S for you



posted on Jul, 19 2010 @ 12:58 AM
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reply to post by MrsBlonde
 


You are very welcome, just finished listening to the show, good luck with her lawsuit.



posted on Jul, 19 2010 @ 05:27 PM
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Originally posted by MrsBlonde
so I read your ridiculous 'study' but thanks for showing it to me I can quote it in support of my argument that corruption is the Mustangs worst enemy all day




That quote indicates nothing of corruption, just the personal views of unspecified personnel about 35 years before the report was published.

Instead of refuting their findings, you try to discredit them as corrupt based upon a third-hand account of some individuals opinions.

And people tell me to deny ignorance in this thread...


Here's another source. This particular source contains three parts: www.vetmed.ucdavis.edu...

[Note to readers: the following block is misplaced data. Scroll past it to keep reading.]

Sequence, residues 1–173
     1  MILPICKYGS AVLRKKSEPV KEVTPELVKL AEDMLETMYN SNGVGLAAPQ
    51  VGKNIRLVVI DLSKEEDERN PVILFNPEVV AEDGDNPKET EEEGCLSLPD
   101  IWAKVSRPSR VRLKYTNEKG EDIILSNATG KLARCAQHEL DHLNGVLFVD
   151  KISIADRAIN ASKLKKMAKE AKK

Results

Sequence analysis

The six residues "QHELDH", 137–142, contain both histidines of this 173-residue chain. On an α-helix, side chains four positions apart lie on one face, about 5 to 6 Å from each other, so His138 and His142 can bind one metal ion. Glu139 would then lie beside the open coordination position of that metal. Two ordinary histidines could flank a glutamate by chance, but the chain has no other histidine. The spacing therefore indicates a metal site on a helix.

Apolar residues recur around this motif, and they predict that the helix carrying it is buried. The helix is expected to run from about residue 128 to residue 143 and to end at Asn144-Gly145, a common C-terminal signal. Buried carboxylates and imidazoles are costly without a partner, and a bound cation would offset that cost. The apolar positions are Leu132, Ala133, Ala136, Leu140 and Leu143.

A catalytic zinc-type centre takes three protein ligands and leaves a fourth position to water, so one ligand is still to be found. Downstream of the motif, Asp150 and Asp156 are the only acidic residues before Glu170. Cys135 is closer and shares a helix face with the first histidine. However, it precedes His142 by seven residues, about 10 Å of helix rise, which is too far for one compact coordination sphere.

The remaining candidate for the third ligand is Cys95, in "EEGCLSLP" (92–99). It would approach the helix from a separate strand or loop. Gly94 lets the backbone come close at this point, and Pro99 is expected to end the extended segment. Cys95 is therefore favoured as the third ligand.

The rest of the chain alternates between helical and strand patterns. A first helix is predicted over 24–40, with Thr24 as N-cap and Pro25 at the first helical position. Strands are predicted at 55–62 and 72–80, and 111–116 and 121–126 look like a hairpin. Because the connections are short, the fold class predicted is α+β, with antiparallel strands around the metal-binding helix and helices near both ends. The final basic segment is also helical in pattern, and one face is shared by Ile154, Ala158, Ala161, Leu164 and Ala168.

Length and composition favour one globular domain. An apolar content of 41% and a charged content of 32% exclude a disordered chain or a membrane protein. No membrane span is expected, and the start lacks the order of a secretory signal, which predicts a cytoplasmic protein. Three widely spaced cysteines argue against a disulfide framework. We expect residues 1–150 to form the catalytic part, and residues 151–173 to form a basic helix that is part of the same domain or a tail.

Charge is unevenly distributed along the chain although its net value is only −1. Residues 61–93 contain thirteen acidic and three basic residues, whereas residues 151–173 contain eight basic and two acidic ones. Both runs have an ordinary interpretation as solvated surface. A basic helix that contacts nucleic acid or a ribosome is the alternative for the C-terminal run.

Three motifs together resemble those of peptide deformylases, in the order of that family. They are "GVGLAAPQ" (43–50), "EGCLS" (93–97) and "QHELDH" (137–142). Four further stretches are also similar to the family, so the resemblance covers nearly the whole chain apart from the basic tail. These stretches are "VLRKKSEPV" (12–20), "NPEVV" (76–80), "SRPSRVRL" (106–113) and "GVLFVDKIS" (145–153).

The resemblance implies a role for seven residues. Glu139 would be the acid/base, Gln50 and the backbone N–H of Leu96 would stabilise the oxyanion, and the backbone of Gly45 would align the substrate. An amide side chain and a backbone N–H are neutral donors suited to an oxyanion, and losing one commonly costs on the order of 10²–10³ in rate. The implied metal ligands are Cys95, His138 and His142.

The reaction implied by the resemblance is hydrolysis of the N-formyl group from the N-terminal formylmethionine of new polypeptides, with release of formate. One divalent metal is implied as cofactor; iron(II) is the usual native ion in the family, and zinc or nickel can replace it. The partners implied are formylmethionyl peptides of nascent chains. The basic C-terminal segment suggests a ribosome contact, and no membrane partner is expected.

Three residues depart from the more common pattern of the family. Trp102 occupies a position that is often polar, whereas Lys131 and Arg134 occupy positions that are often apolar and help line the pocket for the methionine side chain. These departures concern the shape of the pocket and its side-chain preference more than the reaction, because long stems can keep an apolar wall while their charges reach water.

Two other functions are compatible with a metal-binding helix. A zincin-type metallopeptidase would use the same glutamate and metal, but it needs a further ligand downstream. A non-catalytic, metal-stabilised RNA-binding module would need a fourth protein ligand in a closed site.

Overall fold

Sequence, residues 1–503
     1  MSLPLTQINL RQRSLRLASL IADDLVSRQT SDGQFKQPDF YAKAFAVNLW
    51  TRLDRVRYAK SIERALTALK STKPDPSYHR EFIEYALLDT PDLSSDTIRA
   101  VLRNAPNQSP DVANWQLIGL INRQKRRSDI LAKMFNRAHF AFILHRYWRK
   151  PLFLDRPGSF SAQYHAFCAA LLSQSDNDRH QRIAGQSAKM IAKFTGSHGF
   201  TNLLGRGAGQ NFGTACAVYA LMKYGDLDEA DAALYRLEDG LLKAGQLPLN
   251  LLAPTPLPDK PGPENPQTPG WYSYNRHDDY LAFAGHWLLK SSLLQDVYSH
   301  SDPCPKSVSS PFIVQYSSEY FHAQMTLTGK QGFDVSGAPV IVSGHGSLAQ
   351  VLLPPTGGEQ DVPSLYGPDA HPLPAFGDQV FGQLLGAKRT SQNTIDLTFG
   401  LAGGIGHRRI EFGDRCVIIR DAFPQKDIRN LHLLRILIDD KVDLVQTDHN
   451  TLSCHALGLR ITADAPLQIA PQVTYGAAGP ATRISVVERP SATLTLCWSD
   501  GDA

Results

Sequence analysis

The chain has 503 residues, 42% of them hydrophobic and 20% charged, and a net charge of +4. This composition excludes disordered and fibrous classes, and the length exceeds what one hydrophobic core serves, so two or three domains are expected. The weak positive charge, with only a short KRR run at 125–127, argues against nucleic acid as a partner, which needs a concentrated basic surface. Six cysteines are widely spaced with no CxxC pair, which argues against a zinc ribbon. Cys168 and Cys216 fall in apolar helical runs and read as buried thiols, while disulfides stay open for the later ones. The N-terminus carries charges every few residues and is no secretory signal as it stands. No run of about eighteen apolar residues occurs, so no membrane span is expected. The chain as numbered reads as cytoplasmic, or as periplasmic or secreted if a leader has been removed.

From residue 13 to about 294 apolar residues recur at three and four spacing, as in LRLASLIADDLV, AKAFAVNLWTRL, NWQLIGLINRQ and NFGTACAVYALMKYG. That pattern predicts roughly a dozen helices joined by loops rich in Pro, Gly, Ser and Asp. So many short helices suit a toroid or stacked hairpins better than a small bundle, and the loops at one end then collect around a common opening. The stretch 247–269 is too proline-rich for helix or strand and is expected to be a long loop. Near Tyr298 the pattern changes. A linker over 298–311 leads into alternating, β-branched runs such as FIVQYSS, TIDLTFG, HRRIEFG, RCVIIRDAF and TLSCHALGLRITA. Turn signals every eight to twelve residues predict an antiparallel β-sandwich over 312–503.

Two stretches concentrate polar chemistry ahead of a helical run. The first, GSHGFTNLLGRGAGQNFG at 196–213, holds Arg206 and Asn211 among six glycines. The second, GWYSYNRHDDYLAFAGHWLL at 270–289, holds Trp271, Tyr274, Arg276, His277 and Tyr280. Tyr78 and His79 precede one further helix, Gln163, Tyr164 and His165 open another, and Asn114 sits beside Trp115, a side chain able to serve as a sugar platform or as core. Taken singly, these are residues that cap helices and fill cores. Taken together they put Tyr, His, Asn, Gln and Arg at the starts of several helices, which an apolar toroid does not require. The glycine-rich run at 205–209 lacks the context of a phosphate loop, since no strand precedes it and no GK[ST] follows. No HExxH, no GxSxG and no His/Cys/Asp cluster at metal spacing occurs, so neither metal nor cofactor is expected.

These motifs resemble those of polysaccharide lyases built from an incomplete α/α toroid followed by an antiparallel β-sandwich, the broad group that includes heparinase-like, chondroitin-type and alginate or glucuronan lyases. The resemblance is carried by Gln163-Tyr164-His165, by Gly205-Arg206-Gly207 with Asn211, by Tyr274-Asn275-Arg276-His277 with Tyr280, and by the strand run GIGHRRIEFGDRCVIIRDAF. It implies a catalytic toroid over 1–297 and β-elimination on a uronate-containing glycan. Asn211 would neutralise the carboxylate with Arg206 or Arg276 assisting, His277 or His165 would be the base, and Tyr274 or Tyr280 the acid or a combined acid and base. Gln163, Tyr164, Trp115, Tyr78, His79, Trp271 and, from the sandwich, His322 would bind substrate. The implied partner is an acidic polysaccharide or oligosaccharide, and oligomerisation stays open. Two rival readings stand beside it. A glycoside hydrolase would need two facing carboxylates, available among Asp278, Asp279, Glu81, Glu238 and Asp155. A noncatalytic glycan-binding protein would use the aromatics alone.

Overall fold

The first part discusses the health of the feral horses:

"During the summer of 2002, the feral horses were observed in poor condition. Many were seen with protruding rib, spine and hip bones."

"Between 2002 and 2003, the herd decreased in size to 29 animals, and it was clear that some animals were starving due to the lack of forage associated with a prolonged drought occurring in San Diego County (Figure 5)."

Of course, various conditions will change depending on the area the horses are located, though we do see that there is evidence that feral horses can and do starve in the wild.

The second part discusses competition with native Bighorn Sheep: